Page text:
(June 16) WENATCHEE, Wash. — Apples in storage across the country continue to fall greatly below the numbers usually held as summer approaches, and shippers expect a smooth transition to the upcoming fresh crop.

“It looks like we’re going to have the smoothest transition we’ve seen in a number of years, and it appears we’ll be clearing up just when the new crop comes in,” said Dan Kelly, assistant manager of the Washington Growers Clearinghouse, Wenatchee.

The Vienna, Va.-based U.S. Apple Association’s June 1 apple storage report put total fresh-market holdings at 14.4 million bushels, a 20% drop from the same time last year and a 29% decrease from the five-year June 1 average.

Washington apple shippers held the majority of those apples, with 12.1 million bushels, compared to 17.2 million last year.

About half of the remaining fresh-market apples were red delicious, at 7.1 million bushels, compared to the five-year average of 12.8 million bushels on hand on June 1.

“I think it’s pretty remarkable at this particular time of the year, compared to last year,” said Jim Cranney, vice president of the apple association. “Red delicious are down 45% compared to the five-year average, and golden delicious are down 41%.”

And yet, galas started the month with 336,000 bushels left in storage — 8 ½ times more than their five-year average.

“That has a lot to do with the emergence of that variety and how it’s grown over the past several years,” Cranney said. “There probably isn’t enough (of the gala variety) to go around right now because the demand for galas is really strong. The demand for all varieties is really strong, but I think it is worth noting the supply.”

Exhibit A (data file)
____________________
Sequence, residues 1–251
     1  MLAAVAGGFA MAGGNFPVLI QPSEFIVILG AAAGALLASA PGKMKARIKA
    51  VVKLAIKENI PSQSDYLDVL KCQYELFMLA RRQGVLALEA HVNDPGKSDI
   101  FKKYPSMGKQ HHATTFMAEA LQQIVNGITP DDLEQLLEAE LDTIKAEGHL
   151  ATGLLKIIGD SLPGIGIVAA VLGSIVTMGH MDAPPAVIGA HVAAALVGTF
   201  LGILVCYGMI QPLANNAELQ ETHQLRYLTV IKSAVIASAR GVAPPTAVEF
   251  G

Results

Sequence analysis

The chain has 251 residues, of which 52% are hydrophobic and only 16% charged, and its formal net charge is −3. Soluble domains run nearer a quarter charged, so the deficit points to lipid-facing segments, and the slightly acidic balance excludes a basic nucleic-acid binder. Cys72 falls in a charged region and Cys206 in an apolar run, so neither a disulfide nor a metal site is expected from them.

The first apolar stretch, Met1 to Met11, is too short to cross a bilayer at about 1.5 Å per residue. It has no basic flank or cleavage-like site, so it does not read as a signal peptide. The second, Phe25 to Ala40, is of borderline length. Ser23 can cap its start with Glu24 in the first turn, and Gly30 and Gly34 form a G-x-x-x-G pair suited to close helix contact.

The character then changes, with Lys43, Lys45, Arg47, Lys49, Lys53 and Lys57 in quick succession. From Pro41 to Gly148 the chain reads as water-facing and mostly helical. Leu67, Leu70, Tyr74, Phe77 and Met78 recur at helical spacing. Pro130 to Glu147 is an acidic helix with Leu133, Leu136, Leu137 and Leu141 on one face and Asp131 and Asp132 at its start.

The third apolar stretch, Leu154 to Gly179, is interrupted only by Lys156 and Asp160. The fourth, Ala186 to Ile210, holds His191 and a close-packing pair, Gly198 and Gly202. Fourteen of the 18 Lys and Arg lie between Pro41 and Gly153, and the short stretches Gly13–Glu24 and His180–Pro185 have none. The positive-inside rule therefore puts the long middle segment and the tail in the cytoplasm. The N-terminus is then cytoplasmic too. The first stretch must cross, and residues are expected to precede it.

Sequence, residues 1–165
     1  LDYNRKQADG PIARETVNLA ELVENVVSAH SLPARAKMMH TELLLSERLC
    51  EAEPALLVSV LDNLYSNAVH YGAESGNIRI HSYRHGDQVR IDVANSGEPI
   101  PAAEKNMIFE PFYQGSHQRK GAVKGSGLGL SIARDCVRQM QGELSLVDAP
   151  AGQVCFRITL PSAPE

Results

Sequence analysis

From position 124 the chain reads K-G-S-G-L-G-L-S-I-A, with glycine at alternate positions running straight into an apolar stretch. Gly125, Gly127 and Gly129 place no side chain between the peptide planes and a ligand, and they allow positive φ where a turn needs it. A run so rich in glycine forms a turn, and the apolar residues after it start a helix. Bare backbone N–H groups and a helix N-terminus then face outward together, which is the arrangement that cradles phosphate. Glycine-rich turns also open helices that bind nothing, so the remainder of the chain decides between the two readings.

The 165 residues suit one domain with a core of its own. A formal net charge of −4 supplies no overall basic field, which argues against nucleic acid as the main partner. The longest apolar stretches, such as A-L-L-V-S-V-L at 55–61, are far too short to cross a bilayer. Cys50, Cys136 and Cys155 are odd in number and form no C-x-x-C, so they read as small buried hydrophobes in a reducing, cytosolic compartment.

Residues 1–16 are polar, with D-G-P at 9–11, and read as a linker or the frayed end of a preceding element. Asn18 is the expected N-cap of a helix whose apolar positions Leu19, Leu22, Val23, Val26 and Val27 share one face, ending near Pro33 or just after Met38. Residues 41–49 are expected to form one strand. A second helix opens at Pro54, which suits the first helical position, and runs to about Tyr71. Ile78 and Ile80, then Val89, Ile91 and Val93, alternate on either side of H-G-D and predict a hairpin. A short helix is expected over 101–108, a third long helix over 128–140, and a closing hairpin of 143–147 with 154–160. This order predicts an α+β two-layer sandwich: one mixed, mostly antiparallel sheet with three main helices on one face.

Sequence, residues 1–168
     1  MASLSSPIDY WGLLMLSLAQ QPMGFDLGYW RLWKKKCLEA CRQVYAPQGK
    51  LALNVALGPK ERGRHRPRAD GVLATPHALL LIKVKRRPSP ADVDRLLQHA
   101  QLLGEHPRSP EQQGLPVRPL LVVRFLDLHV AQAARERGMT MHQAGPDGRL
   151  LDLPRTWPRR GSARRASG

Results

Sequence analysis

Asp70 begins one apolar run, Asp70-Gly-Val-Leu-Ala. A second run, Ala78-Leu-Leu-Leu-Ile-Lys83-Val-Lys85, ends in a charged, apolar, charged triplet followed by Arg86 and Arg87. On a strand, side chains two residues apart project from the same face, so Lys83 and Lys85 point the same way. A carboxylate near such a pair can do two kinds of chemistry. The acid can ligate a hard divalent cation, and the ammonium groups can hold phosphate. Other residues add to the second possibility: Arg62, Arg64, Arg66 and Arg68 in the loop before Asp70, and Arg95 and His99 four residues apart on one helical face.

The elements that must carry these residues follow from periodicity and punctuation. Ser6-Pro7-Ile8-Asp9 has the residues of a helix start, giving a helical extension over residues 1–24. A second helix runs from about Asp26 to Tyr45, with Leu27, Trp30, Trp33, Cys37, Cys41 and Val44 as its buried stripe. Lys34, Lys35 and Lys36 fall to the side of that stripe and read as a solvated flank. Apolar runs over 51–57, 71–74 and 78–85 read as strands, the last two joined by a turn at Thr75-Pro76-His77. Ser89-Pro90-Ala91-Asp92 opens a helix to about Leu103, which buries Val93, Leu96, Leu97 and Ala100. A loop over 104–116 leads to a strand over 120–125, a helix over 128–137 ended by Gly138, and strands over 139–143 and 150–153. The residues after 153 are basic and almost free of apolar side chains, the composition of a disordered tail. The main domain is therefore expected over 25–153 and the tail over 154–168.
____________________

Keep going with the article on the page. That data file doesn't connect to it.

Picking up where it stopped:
On June 14, a carton of tray pack Washington red delicious apples was $16-18 for 72s, $16 for 80-88s and $15-16 for 100-125s; prices at the same time last year were $12 for 72-80s, $11-12 for 88s, and $10 for 113-125s. Mid-June prices for golden delicious were $24-26 for 72s, $22 for 88s and $16-18 for 125s.

From New York, June 14 f.o.b.s for cartons of controlled-atmosphere red delicious were $15-16 for 88s and $14-16 for 100s. In Michigan, the prices for size 100 red delicious was $13-14. The U.S. Department of Agriculture’s weekly report for New York and Michigan f.o.b.s was June 14.

The drop in overall supplies and increase in demand could even result in a tighter supply of red delicious than Washington shippers would like to see, Kelly said.

“We have the lion’s share of the varieties left over, but things are clearing up pretty good,” he said. “We’ll potentially be in a little light situation on the reds between the old crop and the new crop. It will be down to the wire. Last season, there was some carryover, but it’s not a big deal to have some reds going into September.”

Peter Gregg, spokesman for the New York Apple Association, Fishers, said many packers had finished their 2003-04 shipping by mid-June. As of June 1, New York shippers had the second-highest storage numbers, with 1.25 million bushels, a significant increase from the 384,000 bushels in storage at the same time last year, following wind and freeze problems that dropped production the previous year.

Michigan, which also saw a light crop because of the weather last season, is also winding down its season, said Brad Pitsch, plant manager for Belding Fruit Storage Inc., Belding. Last year, the company ended its season in mid-March, three months before the expected wrap-up of the 2003-04 season.